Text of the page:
Sunday, February 3, 2013

Show #93 January 19, 2012

[NOTE:  This post is from an earlier era, before we realized Bill Cosby is a monster.]

Tonight's all about Amanda!

Amanda- Green Day ¡Tré!
Can't Get Through- The Tearaways Ground's the Limit 
You Won't Break My Heart- The Nomads Solna 
I Love The Way You Touch- The Rubinoos Everything You Ever Wanted to Know About 
What In the World?- The Cavedogs Joy Rides for Shut-Ins 
Forget the Chef- Big Dipper Crashes On The Platinum Planet 
Got the Time- Joe Jackson Look Sharp! 
What Can I Do- The Late Show Portable Pop 
^She- Southcote She 
Youth Coup- Holly and the Italians The Right to Be Italian 
Out Of My Head- The Producers Coelacanth 
Don't Ask Me- OK Go OK Go
Diamonds- The Damned So, Who's Paranoid? 
Lovers Of Today- The Only Ones Special View 
*She- Hoodoo Gurus Mars Needs Guitars! 
*She- The Taxi Boys The Taxi Boys 
*She- Popsicle Laquer 
*She- Green Day Dookie
*She- Kiss Dressed to Kill 
Keep Believing- Bob Mould Silver Age
(It's Gonna Be) A Heartbreaker- The Cryers The Cryers
Maybe Tomorrow- The Chords This Is What Thay Want 
Candypants- The Dahlmanns All Dahled Up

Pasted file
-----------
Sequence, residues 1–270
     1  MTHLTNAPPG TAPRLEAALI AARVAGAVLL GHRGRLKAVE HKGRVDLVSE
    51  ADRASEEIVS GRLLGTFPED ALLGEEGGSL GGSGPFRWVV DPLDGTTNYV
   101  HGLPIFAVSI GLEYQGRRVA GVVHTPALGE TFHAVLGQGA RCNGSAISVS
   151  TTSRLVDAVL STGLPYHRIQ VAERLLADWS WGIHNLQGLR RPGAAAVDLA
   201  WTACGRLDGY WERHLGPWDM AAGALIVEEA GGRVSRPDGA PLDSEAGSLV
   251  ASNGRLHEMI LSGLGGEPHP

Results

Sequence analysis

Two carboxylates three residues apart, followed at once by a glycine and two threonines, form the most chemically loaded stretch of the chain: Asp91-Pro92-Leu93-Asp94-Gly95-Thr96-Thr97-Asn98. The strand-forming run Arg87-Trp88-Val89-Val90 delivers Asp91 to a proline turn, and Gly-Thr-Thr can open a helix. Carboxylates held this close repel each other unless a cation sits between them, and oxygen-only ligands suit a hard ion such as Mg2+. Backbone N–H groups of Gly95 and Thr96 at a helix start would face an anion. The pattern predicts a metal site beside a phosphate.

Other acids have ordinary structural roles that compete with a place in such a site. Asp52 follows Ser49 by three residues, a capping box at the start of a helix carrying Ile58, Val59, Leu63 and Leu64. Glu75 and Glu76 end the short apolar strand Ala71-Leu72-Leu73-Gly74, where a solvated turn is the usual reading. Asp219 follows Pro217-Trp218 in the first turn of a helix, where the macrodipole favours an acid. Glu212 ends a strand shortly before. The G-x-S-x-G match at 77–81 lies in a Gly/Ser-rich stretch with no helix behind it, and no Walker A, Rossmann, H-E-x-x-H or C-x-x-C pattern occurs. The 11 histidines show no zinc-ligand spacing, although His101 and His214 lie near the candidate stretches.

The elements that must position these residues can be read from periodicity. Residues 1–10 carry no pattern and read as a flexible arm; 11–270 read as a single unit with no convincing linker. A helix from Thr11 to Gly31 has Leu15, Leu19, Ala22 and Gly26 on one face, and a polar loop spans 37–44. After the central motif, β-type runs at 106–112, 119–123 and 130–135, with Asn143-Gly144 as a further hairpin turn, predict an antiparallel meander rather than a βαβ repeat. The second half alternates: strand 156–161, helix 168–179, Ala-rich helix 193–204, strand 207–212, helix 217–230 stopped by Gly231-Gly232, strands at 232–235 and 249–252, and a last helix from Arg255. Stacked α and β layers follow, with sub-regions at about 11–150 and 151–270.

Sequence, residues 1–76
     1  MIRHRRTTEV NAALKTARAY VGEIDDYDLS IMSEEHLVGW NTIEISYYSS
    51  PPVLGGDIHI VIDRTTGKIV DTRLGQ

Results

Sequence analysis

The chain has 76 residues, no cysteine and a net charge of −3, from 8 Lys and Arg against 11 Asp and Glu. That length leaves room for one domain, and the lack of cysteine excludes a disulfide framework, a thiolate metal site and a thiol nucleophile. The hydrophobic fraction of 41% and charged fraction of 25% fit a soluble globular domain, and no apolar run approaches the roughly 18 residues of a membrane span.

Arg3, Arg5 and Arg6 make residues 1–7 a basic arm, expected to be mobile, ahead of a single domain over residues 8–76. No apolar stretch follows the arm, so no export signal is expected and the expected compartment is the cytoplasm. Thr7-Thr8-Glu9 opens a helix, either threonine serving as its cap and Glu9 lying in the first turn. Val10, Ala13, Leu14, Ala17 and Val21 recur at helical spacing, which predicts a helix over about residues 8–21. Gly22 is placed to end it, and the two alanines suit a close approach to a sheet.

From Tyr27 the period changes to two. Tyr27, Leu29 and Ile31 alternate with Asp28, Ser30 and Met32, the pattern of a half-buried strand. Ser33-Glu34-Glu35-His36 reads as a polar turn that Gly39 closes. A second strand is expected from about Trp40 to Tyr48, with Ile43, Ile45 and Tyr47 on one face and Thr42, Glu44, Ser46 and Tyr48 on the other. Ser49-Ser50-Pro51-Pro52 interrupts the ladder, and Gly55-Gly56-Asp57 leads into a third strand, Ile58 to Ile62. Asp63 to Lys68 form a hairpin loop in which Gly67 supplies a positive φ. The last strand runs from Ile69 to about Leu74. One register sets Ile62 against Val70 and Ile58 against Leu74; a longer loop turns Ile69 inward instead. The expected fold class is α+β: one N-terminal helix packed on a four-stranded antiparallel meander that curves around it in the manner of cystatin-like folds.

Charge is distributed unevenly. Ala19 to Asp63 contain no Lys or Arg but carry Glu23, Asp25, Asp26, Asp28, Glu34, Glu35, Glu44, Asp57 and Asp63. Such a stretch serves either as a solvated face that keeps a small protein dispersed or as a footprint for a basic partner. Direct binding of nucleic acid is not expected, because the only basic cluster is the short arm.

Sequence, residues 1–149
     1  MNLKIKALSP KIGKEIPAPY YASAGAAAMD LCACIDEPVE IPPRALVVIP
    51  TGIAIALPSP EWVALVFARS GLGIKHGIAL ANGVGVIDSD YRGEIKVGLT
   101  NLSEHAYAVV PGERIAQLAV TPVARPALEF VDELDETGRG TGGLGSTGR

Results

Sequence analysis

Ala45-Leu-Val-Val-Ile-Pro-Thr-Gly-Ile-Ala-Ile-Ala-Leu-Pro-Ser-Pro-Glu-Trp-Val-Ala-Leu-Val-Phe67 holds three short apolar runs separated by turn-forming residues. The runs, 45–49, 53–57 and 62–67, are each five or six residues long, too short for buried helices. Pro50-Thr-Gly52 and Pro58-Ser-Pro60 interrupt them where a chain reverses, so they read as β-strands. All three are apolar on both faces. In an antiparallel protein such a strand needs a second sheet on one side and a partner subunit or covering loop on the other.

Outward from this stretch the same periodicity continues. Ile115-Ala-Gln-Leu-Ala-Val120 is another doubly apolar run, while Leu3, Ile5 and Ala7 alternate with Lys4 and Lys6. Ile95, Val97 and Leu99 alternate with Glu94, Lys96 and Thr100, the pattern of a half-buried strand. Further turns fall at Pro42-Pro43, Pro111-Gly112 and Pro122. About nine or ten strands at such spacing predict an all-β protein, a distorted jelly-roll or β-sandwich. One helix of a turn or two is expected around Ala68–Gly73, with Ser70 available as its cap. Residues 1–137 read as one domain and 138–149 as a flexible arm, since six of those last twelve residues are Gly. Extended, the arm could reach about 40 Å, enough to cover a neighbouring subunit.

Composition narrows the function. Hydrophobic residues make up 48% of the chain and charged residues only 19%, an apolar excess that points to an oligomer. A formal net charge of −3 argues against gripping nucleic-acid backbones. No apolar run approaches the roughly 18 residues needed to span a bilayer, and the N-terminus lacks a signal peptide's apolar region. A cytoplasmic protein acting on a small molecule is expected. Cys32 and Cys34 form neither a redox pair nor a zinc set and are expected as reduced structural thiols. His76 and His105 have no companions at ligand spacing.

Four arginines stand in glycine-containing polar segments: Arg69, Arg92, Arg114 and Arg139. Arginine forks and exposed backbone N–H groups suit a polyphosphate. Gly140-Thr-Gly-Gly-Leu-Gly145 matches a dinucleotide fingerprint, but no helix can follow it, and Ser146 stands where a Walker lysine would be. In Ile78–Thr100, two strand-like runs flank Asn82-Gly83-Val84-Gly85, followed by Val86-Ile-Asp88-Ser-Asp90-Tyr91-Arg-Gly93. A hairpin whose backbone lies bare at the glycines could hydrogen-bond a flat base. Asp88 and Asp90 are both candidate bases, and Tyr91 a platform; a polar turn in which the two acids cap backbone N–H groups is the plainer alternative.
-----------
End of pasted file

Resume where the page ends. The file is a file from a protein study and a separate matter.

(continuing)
Bring Back The One I Love- The Smithereens 2011 
Best of Intentions- Happy Hate Me Nots Out
>She- The Monkees Listen To The Band
Five Minutes In A Hero's Life- The A's The A's
No Answers- The Proof It's Safe 
Back In The Middle- Pezband Cover To Cover
Smart Boys- The Starjets God Bless The Starjets
She Rocks Me- Graham Parker and The Rumour Three Chords Good 

^Power Pop Prototype:  #80 Billboard Hot 100 3/9/74

*SacroSet:  "She" Songs

>Power Pop Prototype:  1968

Like most kids, the first records I ever listened to belonged to my parents.  They had a laissez-faire attitude about their albums- my sister Sarah and I could do what we wanted with them.  (Just to be clear, my kids have never even touched one of my records and that's just the way I like it.)  I don't remember my dad having any music albums, though he did have several comedy records, my favorite being Revenge by Bill Cosby (see above).  I memorized the title track "Revenge," a story about Bill's plot to get Junior Barnes for pelting him with a slush ball.  Bill makes a perfect snowball, hides it in the freezer and spends the next four months befriending Barnes, doing things like "letting him take a sip out of my soda bottle and not even wiping it off after."  Then, on a fateful spring day Bill and Junior Barnes are sitting on his front steps and Bill goes inside to get the snowball, only to find his mother has thrown it away.  What follows is one of my all-time favorite punch lines- Bill says "so I went outside and I spit on him."  I performed the entire bit for some neighborhood kids, who didn't find it nearly as funny as I did although I suppose it's possible that at eight years old I lacked the comic chops of an in-his-prime Bill Cosby.  My grandparents were a much more receptive audience- though I can only imagine what it was like for them watching their white Boston Irish Catholic grandson imitate Junior Barnes' black Philly ghetto accent.